Where to get it
To get the latest version of the library, add the following to your SBT build:
// available for Scala 2.10.6, 2.11.8, 2.12.0-RC2 libraryDependencies += "org.scalaz.stream" %% "scalaz-stream" % "0.8.5"
As of version 0.8, scalaz-stream is solely published against scalaz 7.1.x. The most recent build for 7.0.x is scalaz-stream 0.7.3.
If you were using a previous version of scalaz-stream, you may have a
resolvers entry for the Scalaz Bintray repository. This is no longer required, as scalaz-stream is now published to Maven Central. It won't hurt you though.
About the library
scalaz-stream is a streaming I/O library. The design goals are compositionality, expressiveness, resource safety, and speed. The design is meant to supersede or replace older iteratee or iteratee-style libraries. Here's a simple example of its use:
import scalaz.stream._ import scalaz.concurrent.Task val converter: Task[Unit] = io.linesR("testdata/fahrenheit.txt") .filter(s => !s.trim.isEmpty && !s.startsWith("//")) .map(line => fahrenheitToCelsius(line.toDouble).toString) .intersperse("\n") .pipe(text.utf8Encode) .to(io.fileChunkW("testdata/celsius.txt")) .run // at the end of the universe... val u: Unit = converter.run
This will construct a
converter, which reads lines incrementally from
testdata/fahrenheit.txt, skipping blanklines and commented lines. It then parses temperatures in degrees fahrenheit, converts these to celsius, UTF-8 encodes the output and writes incrementally to
testdata/celsius.txt, using constant memory. The input and output files will be closed in the event of normal termination or exceptions.
The library supports a number of other interesting use cases:
- Zipping and merging of streams: A streaming computations may read from multiple sources in a streaming fashion, zipping or merging their elements using a arbitrary
Tee. In general, clients have a great deal of flexibility in what sort of topologies they can define--source, sinks, and effectful channels are all first-class concepts in the library.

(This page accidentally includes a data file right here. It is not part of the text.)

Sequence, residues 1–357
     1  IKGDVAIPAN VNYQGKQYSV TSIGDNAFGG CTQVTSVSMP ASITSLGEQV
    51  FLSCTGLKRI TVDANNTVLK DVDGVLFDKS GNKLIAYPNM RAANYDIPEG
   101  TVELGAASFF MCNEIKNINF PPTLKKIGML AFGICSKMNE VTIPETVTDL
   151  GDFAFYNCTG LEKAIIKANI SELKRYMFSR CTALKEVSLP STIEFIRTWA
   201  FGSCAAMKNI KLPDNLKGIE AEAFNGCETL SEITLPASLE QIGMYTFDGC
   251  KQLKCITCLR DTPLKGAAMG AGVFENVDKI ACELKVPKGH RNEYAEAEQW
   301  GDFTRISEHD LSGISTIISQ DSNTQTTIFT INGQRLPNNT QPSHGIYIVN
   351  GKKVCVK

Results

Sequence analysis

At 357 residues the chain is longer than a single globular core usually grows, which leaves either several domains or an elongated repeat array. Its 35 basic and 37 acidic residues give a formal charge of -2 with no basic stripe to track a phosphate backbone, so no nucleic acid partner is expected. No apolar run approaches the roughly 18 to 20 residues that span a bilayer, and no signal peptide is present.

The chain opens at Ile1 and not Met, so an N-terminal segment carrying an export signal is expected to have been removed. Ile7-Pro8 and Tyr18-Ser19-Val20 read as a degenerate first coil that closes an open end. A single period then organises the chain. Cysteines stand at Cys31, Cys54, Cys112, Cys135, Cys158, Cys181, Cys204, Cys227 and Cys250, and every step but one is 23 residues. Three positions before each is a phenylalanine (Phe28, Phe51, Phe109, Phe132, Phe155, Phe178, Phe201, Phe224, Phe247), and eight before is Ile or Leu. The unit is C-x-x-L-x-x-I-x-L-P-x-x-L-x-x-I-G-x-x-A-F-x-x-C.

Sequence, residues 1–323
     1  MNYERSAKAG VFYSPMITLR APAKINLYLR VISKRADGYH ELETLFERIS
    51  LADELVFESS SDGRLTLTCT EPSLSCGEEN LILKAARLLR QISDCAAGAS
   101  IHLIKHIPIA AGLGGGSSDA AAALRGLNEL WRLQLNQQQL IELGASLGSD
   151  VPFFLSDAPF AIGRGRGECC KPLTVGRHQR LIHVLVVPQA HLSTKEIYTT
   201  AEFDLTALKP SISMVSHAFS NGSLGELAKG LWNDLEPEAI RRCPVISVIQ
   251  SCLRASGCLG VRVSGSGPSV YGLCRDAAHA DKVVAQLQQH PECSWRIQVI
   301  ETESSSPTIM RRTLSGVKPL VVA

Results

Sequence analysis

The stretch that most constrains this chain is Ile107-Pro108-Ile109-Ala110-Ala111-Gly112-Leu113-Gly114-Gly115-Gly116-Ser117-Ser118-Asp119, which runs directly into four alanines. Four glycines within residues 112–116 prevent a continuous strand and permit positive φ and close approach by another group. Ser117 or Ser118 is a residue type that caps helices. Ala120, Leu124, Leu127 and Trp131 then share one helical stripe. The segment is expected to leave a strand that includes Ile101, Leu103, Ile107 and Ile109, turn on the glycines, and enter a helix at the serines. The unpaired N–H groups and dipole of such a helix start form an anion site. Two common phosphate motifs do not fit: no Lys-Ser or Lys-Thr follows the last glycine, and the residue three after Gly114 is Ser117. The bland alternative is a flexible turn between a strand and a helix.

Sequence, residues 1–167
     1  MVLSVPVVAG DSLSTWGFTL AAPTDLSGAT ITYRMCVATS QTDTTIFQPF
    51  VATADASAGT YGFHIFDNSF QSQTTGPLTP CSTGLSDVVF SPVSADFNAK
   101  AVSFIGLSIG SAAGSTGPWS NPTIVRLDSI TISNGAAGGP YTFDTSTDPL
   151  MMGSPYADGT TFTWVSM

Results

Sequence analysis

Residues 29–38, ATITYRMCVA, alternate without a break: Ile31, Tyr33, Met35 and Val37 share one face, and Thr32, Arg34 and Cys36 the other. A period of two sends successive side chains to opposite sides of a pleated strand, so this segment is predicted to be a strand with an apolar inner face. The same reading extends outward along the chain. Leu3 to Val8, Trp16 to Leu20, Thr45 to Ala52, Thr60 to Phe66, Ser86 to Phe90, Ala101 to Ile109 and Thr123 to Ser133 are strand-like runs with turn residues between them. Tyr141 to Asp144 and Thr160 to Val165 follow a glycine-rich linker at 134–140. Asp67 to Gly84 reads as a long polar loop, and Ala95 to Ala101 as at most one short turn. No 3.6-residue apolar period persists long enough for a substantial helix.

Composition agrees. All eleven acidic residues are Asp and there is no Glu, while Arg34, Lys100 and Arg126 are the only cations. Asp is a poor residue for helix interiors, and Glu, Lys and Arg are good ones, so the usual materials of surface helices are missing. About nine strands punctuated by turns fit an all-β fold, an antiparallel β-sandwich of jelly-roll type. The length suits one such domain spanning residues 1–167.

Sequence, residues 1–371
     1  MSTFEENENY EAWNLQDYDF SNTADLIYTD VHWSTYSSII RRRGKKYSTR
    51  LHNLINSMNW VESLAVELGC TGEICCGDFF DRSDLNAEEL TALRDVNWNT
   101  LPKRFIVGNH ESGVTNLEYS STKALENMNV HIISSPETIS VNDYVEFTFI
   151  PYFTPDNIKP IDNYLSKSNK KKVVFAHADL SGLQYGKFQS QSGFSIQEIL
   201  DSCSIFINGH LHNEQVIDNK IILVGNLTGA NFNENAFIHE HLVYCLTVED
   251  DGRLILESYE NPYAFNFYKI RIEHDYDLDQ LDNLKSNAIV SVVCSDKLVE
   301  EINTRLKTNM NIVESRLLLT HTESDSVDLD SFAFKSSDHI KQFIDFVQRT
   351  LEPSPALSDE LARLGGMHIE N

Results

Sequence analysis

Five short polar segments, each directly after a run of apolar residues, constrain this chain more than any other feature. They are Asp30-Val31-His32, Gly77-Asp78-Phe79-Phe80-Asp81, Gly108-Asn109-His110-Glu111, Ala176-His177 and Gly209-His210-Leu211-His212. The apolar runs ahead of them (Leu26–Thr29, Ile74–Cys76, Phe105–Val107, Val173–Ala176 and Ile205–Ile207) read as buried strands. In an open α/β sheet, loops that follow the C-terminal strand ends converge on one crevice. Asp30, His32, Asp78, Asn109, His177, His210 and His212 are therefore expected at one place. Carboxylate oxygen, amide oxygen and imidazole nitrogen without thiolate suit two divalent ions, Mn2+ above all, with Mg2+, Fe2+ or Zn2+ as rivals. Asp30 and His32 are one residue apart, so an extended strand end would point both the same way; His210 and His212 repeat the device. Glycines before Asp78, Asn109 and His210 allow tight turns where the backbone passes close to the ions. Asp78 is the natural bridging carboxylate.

- Dynamic resource allocation: A streaming computation may allocate resources dynamically (for instance, reading a list of files to process from a stream built off a network socket), and the library will ensure these resources get released in the event of normal termination or when errors occur.
- Nondeterministic and concurrent processing: A computation may read from multiple input streams simultaneously, using whichever result comes back first, and a pipeline of transformation can allow for nondeterminism and queueing at each stage.
- Streaming parsing (UPCOMING): A separate layer handles constructing streaming parsers, for instance, for streaming JSON, XML, or binary parsing. See the roadmap for more information on this and other upcoming work.
Documentation and getting help
There are examples (with commentary) in the test directory
scalaz.stream.examples. Also see the wiki for more documentation. If you use
scalaz.stream, you're strongly encouraged to submit additional examples and add to the wiki!
Blog posts and other external resources are listed on the Additional Resources page.
Projects using scalaz-stream
If you have a project you'd like to include in this list, send a message to the scalaz mailing list and we'll add a link to it here.
- http4s: Minimal, idiomatic Scala interface for HTTP services using scalaz-stream
- scodec-stream: A library for streaming binary decoding and encoding, built using scalaz-stream and scodec
- streamz: A library that allows a
Processto consume from and produce to Apache Camel endpoints, Akka Persistence journals and snapshot stores and Akka Stream flows (reactive streams) with full back-pressure support.
Machines is a Haskell library with the same basic design as
scalaz-stream, though some of the particulars differ. There is also
scala-machines, which is an older, deprecated version of the basic design of